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Showing 1-10 of 88 reviews(Verified Purchases). See all 102 reviews
on July 4, 2013
What a cute, beautiful and fun approach to teaching about the origin of the universe. My daughter (3.5 yo) found it engaging and easy to understand for the most part. The recursive way of telling the story made the steps make sense to her in a way other books have not. We're strongly atheist but I don't think there is anything in this book that would insult most religious parents who want to expand their children's horizons a bit.

Pros:
- Easy for young children to grasp.
- Fun and engaging.
- Beautiful art.

Cons:
- Like a lot of these books, it subtlely elevates humans above other animals as if we're the pinnacle of evolution.
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on March 6, 2014
I wanted to love this book. The first and last page have a great message, "you are as old as the stars," and the last two pages are beautifully illustrated. However, the story itself and illustrations throughout the main book are disappointing. What you see on the cover is the best of it… black, with lots of yellow, orange, and red starbursts. Honestly, it looks like the kind of artwork a toddler does with finger paint in preschool. Yes, it's space, but they could have played a lot more with color. There's nothing to hold a child's (visual) interest, nor are the words colored correctly to contrast well and stand out from the background. Reading it reminds me of reading a badly-done webpage with red letters and a black background. Ouch. Personally, I don't find myself wanting to read this book with my son, so I doubt he enjoys it much, either.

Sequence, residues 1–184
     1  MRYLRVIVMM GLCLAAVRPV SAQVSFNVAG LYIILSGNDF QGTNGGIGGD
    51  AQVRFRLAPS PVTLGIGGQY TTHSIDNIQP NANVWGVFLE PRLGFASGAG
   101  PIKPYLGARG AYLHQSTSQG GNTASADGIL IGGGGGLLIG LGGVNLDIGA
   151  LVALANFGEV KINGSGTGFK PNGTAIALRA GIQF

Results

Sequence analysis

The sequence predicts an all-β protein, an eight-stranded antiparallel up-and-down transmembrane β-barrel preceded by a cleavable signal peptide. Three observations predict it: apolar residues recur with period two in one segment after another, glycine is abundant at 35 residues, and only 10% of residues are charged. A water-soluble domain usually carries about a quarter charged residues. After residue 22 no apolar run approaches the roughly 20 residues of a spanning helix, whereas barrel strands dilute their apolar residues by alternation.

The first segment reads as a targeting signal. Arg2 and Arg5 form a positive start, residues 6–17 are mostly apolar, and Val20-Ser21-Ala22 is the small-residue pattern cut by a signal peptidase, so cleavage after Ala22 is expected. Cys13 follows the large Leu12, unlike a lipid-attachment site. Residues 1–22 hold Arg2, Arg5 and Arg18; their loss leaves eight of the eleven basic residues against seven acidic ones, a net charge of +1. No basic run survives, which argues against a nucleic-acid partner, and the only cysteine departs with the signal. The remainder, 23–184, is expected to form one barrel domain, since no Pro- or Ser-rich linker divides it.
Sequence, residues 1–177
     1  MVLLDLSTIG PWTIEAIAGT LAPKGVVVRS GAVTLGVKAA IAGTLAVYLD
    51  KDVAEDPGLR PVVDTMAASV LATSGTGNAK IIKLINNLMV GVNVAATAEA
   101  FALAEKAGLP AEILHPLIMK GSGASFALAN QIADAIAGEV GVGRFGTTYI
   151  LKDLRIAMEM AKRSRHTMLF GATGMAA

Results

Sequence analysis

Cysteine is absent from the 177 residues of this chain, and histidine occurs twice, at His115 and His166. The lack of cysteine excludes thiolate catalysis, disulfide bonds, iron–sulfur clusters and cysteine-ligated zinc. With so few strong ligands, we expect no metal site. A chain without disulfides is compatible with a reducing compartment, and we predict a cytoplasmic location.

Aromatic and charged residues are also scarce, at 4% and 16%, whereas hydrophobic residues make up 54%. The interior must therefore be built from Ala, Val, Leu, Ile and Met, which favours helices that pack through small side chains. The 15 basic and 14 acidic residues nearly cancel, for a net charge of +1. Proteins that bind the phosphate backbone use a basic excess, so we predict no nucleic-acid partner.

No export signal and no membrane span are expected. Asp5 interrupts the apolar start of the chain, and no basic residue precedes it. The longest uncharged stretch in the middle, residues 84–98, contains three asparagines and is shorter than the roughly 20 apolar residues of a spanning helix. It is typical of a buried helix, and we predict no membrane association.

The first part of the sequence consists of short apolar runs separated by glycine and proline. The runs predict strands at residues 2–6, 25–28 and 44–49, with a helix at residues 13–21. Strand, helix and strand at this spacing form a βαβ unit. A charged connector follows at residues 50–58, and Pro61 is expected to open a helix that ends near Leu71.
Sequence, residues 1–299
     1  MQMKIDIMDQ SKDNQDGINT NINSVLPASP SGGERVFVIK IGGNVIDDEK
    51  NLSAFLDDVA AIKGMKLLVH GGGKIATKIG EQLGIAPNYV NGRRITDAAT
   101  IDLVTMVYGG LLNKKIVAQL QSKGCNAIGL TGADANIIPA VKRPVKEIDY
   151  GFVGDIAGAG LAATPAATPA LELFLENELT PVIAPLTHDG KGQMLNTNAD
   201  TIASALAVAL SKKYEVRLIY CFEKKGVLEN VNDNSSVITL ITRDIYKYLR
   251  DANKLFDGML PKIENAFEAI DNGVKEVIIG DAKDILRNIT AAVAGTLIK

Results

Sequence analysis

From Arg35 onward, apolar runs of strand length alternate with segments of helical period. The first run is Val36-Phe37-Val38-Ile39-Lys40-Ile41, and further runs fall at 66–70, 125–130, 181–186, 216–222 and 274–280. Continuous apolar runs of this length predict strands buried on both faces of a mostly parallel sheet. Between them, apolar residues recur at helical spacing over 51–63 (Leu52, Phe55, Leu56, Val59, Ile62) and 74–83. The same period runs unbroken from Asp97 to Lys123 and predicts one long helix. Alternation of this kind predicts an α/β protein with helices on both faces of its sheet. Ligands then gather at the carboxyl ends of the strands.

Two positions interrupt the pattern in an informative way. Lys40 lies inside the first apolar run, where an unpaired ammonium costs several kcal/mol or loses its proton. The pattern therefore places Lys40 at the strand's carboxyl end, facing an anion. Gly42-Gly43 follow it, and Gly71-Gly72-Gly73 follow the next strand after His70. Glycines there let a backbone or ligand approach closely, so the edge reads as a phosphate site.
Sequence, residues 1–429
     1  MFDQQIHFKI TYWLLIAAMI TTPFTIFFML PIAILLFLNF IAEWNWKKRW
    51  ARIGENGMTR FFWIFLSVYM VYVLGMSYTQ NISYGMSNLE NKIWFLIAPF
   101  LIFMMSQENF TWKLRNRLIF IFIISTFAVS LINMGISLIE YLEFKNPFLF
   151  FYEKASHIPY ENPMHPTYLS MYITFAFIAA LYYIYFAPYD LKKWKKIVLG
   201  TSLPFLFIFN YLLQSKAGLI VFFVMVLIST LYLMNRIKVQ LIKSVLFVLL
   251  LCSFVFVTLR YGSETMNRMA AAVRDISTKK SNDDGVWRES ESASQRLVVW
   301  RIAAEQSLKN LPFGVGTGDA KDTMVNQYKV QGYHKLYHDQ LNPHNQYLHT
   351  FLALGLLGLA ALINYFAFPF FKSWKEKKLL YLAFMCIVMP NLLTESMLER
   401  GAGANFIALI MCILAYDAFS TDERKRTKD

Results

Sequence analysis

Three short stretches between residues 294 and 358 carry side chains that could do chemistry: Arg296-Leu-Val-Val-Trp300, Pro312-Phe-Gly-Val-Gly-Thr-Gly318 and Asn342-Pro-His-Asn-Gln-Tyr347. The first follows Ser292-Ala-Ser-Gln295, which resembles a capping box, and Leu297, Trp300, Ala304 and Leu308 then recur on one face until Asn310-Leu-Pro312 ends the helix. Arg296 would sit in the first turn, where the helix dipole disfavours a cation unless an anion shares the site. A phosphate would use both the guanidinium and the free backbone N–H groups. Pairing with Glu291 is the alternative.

Each page has 2 versions of a "story" or information about "the big bang," and the toddler version of the "story" is just repetitious… the sentences build on each other, rather like the 12 days of Christmas, and the words mean very little. The illustrations do nothing to add to the meaning, either.